SCE’s Hydro Plant on Kern River Getting a Facelift

The Kern River 3 power plant is part of the utility’s historic hardworking hydropower system.

March 10, 2014 | By Paul Klein

Before wind and solar, nuclear or coal, there continues to be hydropower to generate electricity — water falling from great heights under pressure to spin large turbines to create energy, cleanly and economically, since the late 19th century.

Southern California Edison’s (SCE) Kern River 3 hydroelectric power plant is part of the utility’s hydroelectric generation system, which plays a critical role in the company’s diverse energy portfolio, particularly during periods of drought.

And now, after nearly 100 years, Kern River 3, which sits on the scenic Kern River 50 miles east of Bakersfield, is getting a facelift to help ensure this important power source continues to be viable.

Toby Gibson, a manager in SCE’s Eastern Hydro Division, said Kern River 3 made an important contribution to the development of private electric power utilities in Southern California and nationwide during hydropower’s developing years.

“Kern River 3 is a rare example of a powerhouse designed with architectural beauty and sophistication for that time,” said Gibson, noting that construction on the power plant site began in 1919, but it wasn’t until 1921 that it started generating electricity. “When Kern River 3 was completed, it was referred to as ‘the most important forward step in hydroelectric practice in recent years.’”

Kern River 3 is part of SCE’s Eastern Hydro Division, incorporating hydro-generating plants in the eastern Sierra Nevada mountains, the southern Sierra mountains, and the Ontario, San Bernardino and Banning areas in the San Gabriel and San Bernardino mountains. Collectively, the power plants can generate more than 160 megawatts of electricity, enough to power about 104,000 homes. Most have been in service since the late 19th and early 20th centuries.

SCE has begun a year-long renovation of Kern River 3, repairing cracks and upgrading equipment in three major parts of the plant’s water conveyance system — the sandbox, a large containment box that holds water before its run through the turbines, the 50-foot-high Fairview Dam, where the worn and eroded concrete surface of the dam is being replaced with reinforced steel and concrete, and the intake structure, which includes replacing the intake house which houses the equipment to control operation of the water flow equipment.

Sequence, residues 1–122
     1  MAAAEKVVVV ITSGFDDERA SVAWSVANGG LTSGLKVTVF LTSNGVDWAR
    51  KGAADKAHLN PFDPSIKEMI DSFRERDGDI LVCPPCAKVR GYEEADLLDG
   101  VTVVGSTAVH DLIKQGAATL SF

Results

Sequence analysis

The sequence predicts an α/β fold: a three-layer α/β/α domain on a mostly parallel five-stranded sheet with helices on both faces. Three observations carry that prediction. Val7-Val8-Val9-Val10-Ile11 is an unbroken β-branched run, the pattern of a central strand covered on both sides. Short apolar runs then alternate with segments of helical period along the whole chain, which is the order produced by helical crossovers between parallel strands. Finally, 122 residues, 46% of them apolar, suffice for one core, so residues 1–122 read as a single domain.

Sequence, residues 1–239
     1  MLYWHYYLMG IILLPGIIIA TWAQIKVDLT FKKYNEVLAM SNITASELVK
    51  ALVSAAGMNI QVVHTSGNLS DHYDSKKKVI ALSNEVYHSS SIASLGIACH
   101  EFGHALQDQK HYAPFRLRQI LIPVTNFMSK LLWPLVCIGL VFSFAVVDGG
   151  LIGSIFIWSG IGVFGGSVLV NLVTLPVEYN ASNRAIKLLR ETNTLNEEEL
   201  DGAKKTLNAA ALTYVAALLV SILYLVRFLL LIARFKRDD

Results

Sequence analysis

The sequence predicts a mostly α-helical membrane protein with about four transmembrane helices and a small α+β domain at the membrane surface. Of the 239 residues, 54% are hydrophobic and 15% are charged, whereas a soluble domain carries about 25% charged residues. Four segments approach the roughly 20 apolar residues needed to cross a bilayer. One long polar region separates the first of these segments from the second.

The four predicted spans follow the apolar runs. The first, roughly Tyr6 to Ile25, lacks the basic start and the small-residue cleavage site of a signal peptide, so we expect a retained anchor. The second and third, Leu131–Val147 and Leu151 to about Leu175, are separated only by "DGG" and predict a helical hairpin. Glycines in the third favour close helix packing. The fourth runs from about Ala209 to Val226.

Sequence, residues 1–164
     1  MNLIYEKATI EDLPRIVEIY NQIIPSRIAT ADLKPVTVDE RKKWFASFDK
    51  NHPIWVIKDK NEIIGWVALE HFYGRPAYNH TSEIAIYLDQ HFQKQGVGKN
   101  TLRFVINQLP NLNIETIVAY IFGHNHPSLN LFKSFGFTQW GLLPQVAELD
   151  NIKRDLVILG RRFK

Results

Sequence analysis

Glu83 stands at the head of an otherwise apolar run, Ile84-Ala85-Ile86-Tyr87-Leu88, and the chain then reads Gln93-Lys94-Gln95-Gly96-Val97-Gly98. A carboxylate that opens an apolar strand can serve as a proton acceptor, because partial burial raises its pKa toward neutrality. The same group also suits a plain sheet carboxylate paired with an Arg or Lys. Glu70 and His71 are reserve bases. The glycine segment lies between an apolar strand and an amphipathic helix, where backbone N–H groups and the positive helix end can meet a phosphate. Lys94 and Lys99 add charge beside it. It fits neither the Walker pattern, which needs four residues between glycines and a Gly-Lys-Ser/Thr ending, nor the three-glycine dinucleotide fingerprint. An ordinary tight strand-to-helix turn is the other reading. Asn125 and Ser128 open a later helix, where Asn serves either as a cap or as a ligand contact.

Electrical controls that operate the water control gates at the sandbox are also being replaced, along with concrete replacement, where necessary, in more than 15 miles of tunnels which carry the water to the turbines that spin the generators to create electricity.

Gibson explained that access to the work locations is complicated and challenging.  

“The dam’s location on the Kern River required obtaining permits and approvals for the work from federal and state agencies,” said Gibson. “Because of its historical place along the river, SCE had to obtain special approval from the California Historic Preservation Office for some of the work. A scaffolding structure was also built across the 135-foot face of the dam to give workers access to that work site.”

Special safety rules are guiding the work in the tunnels. All tunnel workers are specially trained and a mine rescue team made up of workers is ready to respond to any emergency. Access into the tunnels required cutting through a foot of concrete with workers using electric and diesel powered equipment to perform the work. To accomplish the work in the eight-feet-wide tunnels, special carts were constructed to carry equipment through this narrow space.

SCE also operates its Northern Hydro Division, known as Big Creek. Established in 1911, Big Creek includes a watershed of 1,200 square miles, nine powerhouses, 23 generating units, six major lakes and a vast infrastructure that supports 1,000 megawatts of cost effective, renewable and environmentally sustainable power, enough to power about 650,000 homes. From start to finish, water flowing through the Big Creek system travels more than 50 miles and falls 6,637 feet.

Following SCE’s renovation of Kern River 3, the plant will return to the company’s hydroelectric power system, which plays a critical role in the company’s diverse energy portfolio, regardless of weather conditions.

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